How Does Electroplating Work?

electroplating

While there is no magic trick to change common chemical elements into rare and valuable ones, electroplating is as close as it gets. Electroplating is similar to electrolysis which is the opposite of the process batteries use to produce electric currents. The earliest form, which became the modern electroplating process, occurred in the early 19th century.

The development of bigger electric generators meant higher currents which drastically improved the process. Advancements in industrial and manufacturing practices over the past two centuries have changed this process considerably.

While some of you may already know what electroplating is, what about how it works? Electroplating can be described as a common metal finishing or improving process used in a number of industrial applications. The process involves using electricity to coat a relatively mundane metal, like copper, with a thin layer of a more precious metal, such as gold or silver.

However, making cheap metals look expensive is just one application as electroplating offers loads of other uses. It is used to make items more resistant to rust and even to make plastic look like metal. Let’s take a closer look at what goes on behind the scenes.

How Does Electroplating Work?

Electroplating uses an electric current to reduce dissolved metal cations so that they form a thin metal coating on an electrode. It’s known as electrodeposition because the process involves depositing a thin layer of metal onto the surface of a work piece referred to as the substrate.

The anode is connected to the positive terminal and the cathode (metal to be plated) is connected to the negative terminal. Both are immersed in a solution that contains an electrolyte and connected to an external supply of direct current. When DC power is applied, the anode is oxidized.

Metal atoms dissolve in the electrolyte solution and ions are reduced at the cathode forming a coating. The current through the circuit must be adjusted so that the rate of the anode being dissolved equals the rate at which the cathode is plated.

Different metals are coated using electroplating and preparing the right electrolyte is vital to plating quality. Commonly a single metallic element, not an alloy although some alloys like brass and solder can be electro-deposited. The ability to cover plating uniformly is called throwing power. The better the “throwing power” the more uniform the coating.

Uses For Electroplating

Electroplating is widely used in a number of sectors for coating metal objects with a thin layer of a different metal. The added metal has a desired property the original object lacks and is primarily used to improve corrosion resistance. Chromium plating is a great example as you’ll see it on many objects including car parts, bath taps, gas burners, wheel rims among others. Other types of electroplating include copper and silver plating.

Benefits of electroplating include the following:

  • Increased wear resistance
  • Protect against surface abrasions
  • Reduce friction
  • Improve electrical conductivity (copper layer onto an electrical component)
  • Prepare surfaces for better adhesion before painting or re-coating

Electroplating allows manufacturers to use inexpensive metals like steel or zinc for most of the product but can then apply different metals on the outside to improve appearance, protection and other required properties.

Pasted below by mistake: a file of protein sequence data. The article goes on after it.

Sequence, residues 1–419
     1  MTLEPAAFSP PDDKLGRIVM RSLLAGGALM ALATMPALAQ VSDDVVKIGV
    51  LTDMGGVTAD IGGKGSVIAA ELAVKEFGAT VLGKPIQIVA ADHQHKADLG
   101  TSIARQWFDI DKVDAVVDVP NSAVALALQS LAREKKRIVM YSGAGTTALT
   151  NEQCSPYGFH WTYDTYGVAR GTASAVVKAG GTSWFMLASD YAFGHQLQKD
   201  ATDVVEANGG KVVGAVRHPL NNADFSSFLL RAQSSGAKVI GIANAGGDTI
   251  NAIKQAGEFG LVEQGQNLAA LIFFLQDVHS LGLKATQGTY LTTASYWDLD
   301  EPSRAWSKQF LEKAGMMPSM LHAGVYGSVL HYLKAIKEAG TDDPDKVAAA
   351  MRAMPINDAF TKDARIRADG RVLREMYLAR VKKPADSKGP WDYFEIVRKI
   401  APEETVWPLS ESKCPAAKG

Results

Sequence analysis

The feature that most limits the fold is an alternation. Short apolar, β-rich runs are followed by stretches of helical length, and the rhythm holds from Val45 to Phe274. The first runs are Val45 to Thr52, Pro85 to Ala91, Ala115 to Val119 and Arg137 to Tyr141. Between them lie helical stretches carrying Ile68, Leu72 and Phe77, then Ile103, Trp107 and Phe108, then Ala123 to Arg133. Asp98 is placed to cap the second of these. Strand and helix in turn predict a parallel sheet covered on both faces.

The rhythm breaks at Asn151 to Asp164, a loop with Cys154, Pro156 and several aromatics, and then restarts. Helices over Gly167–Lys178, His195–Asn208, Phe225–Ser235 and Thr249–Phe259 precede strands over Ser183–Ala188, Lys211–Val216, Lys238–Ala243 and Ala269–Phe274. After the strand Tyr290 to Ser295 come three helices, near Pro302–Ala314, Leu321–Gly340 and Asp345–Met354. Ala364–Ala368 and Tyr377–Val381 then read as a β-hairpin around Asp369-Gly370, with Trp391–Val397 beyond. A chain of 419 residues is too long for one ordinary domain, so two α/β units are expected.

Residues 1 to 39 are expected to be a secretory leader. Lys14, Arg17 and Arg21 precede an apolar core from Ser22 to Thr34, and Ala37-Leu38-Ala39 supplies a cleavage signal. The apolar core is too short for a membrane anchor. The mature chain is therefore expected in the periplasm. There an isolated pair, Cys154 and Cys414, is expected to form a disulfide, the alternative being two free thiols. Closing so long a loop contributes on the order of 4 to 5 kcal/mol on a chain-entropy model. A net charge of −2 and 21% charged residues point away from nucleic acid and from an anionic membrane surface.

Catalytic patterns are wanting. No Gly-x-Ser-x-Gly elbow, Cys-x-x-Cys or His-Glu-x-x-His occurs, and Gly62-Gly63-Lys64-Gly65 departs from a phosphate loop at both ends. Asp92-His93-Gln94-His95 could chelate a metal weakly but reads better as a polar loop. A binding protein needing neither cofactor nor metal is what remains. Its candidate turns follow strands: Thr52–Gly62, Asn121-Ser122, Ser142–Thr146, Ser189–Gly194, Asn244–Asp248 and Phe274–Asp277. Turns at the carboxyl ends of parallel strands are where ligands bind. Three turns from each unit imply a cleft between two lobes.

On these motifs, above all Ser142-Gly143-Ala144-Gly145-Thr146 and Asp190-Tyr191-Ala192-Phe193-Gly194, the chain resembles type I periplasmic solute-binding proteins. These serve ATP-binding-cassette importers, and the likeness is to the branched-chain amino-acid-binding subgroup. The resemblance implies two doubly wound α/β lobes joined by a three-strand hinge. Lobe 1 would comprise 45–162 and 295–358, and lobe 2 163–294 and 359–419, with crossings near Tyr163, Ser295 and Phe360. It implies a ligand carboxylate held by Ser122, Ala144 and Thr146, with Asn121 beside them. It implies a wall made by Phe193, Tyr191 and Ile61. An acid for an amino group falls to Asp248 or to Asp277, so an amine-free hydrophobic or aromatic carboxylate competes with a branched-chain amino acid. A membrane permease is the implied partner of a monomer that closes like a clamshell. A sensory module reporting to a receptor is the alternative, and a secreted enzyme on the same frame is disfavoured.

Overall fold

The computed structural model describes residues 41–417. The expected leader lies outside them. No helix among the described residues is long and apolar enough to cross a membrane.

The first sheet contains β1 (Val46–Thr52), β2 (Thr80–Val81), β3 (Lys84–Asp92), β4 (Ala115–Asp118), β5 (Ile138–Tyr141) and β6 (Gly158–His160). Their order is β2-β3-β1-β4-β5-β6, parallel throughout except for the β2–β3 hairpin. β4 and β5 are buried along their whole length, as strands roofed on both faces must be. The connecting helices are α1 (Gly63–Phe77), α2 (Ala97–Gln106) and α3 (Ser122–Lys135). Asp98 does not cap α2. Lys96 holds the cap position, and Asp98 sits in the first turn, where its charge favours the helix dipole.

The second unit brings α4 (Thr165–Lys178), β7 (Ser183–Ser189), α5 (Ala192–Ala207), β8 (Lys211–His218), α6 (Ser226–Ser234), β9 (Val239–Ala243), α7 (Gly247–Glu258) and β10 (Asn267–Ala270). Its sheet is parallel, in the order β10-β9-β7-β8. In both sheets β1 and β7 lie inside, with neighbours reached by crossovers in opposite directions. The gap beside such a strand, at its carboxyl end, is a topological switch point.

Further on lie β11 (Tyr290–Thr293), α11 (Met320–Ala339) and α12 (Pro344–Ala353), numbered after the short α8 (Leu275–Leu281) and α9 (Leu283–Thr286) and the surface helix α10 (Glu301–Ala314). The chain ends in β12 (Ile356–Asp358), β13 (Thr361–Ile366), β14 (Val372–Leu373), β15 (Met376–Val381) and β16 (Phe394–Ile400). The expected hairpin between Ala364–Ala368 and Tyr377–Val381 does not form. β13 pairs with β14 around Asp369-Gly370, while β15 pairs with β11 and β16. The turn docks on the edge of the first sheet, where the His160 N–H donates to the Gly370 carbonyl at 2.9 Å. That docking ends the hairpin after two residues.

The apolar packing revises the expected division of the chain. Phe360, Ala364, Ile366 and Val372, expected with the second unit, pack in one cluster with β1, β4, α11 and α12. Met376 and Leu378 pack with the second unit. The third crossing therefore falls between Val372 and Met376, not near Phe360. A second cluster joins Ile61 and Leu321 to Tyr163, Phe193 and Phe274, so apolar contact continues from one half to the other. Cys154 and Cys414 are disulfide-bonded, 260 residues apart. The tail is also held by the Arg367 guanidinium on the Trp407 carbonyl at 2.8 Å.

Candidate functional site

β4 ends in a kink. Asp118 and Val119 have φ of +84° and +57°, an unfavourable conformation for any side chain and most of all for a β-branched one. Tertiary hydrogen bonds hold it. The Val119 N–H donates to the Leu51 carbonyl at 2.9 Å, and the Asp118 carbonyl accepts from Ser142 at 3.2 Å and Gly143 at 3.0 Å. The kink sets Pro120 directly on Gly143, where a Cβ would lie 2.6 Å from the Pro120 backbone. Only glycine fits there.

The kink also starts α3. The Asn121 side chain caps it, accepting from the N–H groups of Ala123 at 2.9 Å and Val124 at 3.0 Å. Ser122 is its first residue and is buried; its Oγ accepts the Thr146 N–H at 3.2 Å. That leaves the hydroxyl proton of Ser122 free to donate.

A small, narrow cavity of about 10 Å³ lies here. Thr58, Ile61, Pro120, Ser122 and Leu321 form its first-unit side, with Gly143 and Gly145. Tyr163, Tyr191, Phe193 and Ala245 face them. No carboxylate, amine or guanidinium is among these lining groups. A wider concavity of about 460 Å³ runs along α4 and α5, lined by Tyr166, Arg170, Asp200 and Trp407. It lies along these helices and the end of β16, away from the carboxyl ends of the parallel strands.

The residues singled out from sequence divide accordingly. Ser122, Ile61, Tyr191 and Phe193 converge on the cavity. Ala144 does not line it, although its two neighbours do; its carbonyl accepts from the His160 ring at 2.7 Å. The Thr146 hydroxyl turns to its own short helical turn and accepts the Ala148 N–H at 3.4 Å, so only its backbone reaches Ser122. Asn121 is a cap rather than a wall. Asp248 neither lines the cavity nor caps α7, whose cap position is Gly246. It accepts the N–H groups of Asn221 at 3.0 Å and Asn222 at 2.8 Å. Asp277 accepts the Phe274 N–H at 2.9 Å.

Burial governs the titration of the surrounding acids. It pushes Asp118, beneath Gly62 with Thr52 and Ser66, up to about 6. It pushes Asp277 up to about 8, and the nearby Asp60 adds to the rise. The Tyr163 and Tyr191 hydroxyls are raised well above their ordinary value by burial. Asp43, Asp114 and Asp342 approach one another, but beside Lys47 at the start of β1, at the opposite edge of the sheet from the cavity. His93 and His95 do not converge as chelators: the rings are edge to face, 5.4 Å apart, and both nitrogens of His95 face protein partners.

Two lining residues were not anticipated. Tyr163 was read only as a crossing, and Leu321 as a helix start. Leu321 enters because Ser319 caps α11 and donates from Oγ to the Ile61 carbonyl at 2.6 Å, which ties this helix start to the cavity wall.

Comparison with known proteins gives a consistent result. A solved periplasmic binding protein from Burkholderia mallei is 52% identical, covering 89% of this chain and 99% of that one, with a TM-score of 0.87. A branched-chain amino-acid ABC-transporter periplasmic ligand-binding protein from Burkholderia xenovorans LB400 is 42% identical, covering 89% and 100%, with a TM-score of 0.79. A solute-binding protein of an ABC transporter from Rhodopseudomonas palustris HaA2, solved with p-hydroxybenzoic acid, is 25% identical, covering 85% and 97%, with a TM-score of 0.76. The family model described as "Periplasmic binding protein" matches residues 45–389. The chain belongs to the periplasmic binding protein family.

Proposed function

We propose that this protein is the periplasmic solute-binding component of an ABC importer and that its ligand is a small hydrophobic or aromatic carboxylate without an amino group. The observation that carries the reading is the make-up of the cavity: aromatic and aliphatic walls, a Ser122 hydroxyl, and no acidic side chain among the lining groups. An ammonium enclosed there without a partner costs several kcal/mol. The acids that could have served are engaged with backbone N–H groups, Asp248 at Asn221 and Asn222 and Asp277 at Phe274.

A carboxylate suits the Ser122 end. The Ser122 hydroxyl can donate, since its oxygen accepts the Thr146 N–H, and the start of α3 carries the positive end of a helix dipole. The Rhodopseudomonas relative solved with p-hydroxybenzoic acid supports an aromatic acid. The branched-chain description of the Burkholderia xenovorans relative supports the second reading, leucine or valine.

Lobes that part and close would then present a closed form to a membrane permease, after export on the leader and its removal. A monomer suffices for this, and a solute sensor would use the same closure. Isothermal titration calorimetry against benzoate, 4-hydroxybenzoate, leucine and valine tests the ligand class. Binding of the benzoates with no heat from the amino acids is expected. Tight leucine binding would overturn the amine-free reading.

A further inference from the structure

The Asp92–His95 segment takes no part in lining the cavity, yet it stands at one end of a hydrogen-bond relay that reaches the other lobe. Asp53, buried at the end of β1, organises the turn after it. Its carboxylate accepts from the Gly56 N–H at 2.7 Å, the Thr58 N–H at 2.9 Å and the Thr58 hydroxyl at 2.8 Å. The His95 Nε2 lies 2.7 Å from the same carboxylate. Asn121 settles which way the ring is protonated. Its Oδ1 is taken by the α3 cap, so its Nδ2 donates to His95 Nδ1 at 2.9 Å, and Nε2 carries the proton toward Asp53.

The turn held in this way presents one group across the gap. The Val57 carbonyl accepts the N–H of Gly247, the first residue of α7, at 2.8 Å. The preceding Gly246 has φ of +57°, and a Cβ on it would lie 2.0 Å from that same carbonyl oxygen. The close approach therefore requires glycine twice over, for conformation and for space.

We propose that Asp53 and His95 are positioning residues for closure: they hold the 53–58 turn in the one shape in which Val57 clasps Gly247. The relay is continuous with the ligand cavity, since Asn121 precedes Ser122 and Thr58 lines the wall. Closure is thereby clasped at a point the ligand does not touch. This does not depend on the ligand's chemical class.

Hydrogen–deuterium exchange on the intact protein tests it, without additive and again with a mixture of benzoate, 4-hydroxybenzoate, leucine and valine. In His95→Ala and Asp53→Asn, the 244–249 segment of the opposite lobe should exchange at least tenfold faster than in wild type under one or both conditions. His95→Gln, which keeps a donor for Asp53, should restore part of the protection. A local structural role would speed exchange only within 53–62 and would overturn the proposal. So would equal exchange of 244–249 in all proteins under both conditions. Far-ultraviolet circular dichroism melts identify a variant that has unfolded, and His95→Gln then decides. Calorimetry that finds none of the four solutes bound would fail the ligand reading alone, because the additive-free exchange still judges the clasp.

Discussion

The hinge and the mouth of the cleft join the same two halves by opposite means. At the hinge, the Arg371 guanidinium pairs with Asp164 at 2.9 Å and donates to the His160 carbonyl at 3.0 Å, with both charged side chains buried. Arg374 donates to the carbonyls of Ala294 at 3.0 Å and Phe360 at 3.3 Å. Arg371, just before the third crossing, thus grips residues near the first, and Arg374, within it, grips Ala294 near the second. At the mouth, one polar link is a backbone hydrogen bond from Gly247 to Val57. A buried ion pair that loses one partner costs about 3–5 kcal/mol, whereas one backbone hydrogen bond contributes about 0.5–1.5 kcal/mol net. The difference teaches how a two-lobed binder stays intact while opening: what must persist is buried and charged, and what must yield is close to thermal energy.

Electroplating and Aesthetics

Some metals are considered more attractive and valuable than others with gold and silver being the most obvious examples. The challenge that companies face is that gold and silver are rare and rather expensive. A thin layer of gold or silver can coat a less valuable metal and subsequently turns the final product into a beautifully crafted, aesthetically pleasing item. Thin layers of chromium are commonly used on home appliances and even automobiles to create a shiny appearance.

Electroplating and Conductivity

Gold and silver are excellent electricity conductors but as we’ve established, they are expensive. With the help of electroplating techniques, manufacturers can incorporate very small amounts of these precious, highly conductive metals into electronic components and integrated circuit boards. Silver and Tin are essential finishes for components that are designed to carry heavy electrical currents. A perfect example of this is Busbars. Cell phones, tablets, computers and other electronic devices all use electroplating techniques in their circuits.

Electroplating and Protection

Electroplating is also ideal for protecting surfaces as it covers them with a thin layer of metal. This results in the final product/component being more corrosion-resistant than the original material. Items made from tin and zinc are often plated to give them a protective outer later. Food containers are a good example as electroplating makes them more resistant to corrosion. Many everyday items made from iron are also plated with zinc using a process called, galvanization, for the same reason.

There is no better way to control the quality of the finish than doing it yourself. PRV Engineering invested in a tin and silver plating facility which has enabled us to do just that. We manufacture products which require expert skills and several specialist processes. Get in touch if you need help with your project or if you have any questions about the available plating finishes, busbars or any of our other products and services.